“The Legend of Zelda: A Link Between Worlds” is a 3DS sequel to the Super Nintendo’s “A Link to the Past.” Old School fans of the series will find the maps, designs and plot familiar. Mysterious figure arrives in Hyrule, is immediately revealed to be a bad guy, Link has to collect three pendants and the Master Sword to follow him to the other half of the game.

While it looks like “A Link to the Past’s” Dark World, the other section of the game takes place in Lorule, a more developed mirror kingdom complete with its own Princess and villagers. And Lorule is, for reasons that remain unclear until the end of the game, being torn apart.

Link can travel between the two dimensions using the game’s key new ability. Thanks to a magical bracelet he acquires early in the adventure, Link can change himself into a painting, and walk along walls. It’s a strange ability, and not particularly intuitive at first, but it is masterfully executed in the game, and provides a whole new set of puzzles to solve.

The other major change is that Link’s tools lack ammunition. Instead, Link has a stamina bar that slowly refills, and is shared by all of his rods, bombs, and ranged weapons. Link has access to most of his standard equipment very early in the game as well. This makes “A Link Between Worlds” a much less linear affair than previous games. Link has the ability to tackle dungeons in any order he likes.

The design of the dungeons is quite good, although some of the puzzle solutions felt a bit easy. Since the player has to do a lot less hunting for rupees and equipment, the game seems a bit short.

The artistic elements are reminiscent of the super nintendo, but trades sprites for nicely rendered 3d models. Although most of the game is seen from the top down, a few cut scenes switch to a perspective closer to the ground, and show off the 3DS’s horsepower. The actual 3d is possibly the best I’ve seen on the system. The terrain of Hyrule sinks into the screen, and enemies leap out. This is the first game where I honestly preferred to keep the 3d turned up the whole time.

“A Link Between Worlds” is a great game for players who are new to Zelda, and it rewards fans of the series with plenty of easter eggs, like Majora’s Mask, which can be found on the wall of Link’s House, but unfortunately, can’t be worn.

The game is a wonderful update on a classic, with an amazing twist ending. I highly recommend it.

Megaman I: Elegance in Design

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System: Nintendo NES/Famicom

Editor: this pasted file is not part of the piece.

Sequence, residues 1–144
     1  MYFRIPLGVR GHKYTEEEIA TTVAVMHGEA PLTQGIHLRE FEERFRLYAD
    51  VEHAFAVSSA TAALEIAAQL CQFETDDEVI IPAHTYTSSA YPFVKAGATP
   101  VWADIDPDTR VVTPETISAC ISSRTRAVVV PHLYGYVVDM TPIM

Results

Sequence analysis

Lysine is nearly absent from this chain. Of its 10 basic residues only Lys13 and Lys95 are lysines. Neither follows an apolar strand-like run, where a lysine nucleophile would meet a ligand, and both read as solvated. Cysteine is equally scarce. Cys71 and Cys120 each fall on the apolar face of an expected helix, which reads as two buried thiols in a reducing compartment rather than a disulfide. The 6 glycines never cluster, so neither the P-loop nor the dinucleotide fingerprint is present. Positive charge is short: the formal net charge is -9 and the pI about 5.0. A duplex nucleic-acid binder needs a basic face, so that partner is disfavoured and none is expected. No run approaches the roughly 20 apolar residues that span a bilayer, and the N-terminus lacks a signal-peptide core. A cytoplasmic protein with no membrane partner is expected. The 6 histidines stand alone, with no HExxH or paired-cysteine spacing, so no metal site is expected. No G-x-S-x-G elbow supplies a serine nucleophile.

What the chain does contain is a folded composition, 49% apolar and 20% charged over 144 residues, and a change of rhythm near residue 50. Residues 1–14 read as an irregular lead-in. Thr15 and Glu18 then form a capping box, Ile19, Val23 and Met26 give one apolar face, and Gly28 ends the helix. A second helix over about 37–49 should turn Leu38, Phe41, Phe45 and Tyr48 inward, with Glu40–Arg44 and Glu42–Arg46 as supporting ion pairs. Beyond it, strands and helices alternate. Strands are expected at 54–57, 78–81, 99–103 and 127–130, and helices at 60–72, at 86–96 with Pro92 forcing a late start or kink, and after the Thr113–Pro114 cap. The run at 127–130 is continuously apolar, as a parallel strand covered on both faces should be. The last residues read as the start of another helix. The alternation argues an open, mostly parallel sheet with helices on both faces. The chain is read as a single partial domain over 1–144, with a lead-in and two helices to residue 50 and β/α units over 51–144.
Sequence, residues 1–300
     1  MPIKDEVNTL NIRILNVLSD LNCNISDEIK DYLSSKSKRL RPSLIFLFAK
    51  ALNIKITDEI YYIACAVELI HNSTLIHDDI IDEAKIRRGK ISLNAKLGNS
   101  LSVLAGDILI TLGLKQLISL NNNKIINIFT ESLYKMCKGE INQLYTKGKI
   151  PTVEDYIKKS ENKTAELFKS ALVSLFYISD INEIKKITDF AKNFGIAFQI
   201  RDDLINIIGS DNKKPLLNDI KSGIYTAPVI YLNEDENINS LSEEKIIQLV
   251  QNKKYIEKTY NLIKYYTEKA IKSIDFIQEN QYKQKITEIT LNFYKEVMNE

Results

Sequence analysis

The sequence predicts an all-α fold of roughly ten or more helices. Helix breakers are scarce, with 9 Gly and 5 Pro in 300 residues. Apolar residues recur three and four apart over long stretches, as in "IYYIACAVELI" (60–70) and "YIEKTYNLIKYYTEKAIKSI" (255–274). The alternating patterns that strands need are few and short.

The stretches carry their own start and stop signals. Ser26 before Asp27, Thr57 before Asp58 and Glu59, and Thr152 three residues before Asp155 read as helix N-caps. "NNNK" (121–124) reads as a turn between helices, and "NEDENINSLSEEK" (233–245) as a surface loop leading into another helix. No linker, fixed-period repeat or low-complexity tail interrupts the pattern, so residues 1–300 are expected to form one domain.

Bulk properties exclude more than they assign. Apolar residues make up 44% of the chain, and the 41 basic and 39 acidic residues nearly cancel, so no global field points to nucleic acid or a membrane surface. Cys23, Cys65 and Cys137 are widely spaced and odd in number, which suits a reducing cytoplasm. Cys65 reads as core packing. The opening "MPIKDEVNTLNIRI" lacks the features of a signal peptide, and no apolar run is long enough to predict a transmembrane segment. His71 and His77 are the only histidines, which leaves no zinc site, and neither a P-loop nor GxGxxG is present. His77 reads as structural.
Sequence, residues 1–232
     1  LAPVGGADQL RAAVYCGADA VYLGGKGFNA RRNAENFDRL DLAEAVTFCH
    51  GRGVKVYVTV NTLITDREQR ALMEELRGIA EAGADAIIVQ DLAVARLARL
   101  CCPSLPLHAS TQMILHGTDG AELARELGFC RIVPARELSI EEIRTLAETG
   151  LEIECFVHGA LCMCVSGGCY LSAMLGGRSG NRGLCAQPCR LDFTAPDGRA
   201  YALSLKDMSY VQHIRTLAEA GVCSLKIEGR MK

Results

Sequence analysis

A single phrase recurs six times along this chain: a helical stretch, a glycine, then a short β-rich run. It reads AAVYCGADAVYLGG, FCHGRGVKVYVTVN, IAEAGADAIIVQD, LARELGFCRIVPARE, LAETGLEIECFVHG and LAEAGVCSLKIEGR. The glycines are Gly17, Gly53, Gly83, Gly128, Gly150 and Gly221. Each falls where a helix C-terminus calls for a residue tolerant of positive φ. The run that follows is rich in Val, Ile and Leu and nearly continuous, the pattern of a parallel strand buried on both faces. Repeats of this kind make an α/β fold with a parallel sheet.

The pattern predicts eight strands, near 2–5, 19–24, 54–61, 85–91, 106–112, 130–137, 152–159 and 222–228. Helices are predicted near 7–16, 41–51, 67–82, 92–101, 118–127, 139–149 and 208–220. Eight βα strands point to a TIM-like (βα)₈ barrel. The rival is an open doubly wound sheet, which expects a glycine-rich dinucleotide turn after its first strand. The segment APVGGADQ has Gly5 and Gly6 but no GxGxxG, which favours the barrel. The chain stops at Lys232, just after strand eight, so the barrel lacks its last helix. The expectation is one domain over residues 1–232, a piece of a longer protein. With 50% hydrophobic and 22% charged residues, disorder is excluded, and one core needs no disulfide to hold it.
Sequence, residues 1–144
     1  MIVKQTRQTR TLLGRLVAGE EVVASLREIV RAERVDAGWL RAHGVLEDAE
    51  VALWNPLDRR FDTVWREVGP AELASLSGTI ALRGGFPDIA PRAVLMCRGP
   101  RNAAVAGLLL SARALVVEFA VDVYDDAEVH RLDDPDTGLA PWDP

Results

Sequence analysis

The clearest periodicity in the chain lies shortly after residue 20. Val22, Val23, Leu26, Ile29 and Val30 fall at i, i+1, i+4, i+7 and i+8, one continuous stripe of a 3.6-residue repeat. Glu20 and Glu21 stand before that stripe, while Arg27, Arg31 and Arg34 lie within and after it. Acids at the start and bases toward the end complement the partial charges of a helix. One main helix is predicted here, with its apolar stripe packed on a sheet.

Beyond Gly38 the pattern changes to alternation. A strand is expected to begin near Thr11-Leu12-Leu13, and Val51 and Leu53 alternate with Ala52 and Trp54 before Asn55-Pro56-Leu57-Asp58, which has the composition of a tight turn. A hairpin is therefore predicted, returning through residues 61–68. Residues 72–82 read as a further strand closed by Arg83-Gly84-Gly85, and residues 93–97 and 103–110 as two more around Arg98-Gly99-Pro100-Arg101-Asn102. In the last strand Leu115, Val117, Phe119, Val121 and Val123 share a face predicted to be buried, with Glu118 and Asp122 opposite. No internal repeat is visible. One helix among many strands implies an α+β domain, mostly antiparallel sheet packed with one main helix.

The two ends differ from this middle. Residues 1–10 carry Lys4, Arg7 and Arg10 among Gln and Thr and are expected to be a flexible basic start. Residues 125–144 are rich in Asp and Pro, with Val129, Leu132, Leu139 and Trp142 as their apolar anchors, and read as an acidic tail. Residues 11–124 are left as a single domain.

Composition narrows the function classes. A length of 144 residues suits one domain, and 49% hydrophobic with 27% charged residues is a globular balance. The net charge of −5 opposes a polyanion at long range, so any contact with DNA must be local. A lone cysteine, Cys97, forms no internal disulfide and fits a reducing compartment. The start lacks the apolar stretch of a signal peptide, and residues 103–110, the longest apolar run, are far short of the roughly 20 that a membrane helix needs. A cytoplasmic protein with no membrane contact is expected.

Release Date: 1987

Megaman’s creator, Keiji Inafune recently funded a kickstarter for his new independent project, Mighty Number 9. Inspired by the buzz surrounding the new project, I went back and looked at the Blue Bomber’s original adventure with new eyes.

I didn’t have “Megaman” for my NES, but lots of my friends did, and I remember the games fondly from the early nineties. I also recall them being controller-threateningly difficult. I was curious to see how the first outing would stack up to my memories.

First of all, it is worth noting that the first game lacks the graphical and musical polish of the sequels. There are only six stages, and once the player determines the proper order for playing them, they fall rather quickly. Especially if you use the well-known ‘pause trick.’ Likewise, there’s not much of a story besides ‘You’re a good robot, they’re evil robots, go fight them.’ It’s the sort of fare from the era that is simple, but has been expanded upon greatly in the years since. For example, in the much-praised Megaman comic, put out by Archie Comics.

While I will agree that Megaman is hard, it was not quite so bad as I remember. Aside from a few of the end stage bosses, (and I am looking squarely at you, one-eyed rock monster) the deaths don’t feel cheap. Unlike other 8-bit era platformers, there is no countdown clock. The game gives you plenty of time to observe and experiment. Megaman really is the start of what later-generation indie developers would call ‘puzzle platformers.’ Most of the game can be best progressed by observing the challenge and discovering the pattern, or choosing the best Robot Master’s subweapon for the situation. For example, the flying torpedo enemies can often knock you into a pit when they explode, but freezing them rather than shooting them with your regular gun solves the dilemma. Most of the jumping puzzles can likewise be bypassed with the Magnet Beam.

This creates an odd challenge curve as the game actually gets EASIER as you gain new powers. The game’s non-linear nature lets you play the stages in any order, but the real challenge is figuring out an optimal path. each Robot Master has a weakness, and some levels, such as Fire Man’s stage, are practically impassable without the right weapon.

All in all, Megaman I is a solid entry in the NES’s roster of games. While its sprites and textures are a little less eye-popping than its successors, it is at the very least noteworthy for being the progenitor of something great, and a whole lot of fun. You don’t need to play it to get into the series, as there isn’t much of a story aside from the window-dressing standard to that generation, but it is certainly worth your time. Just watch out for those disappearing block puzzles.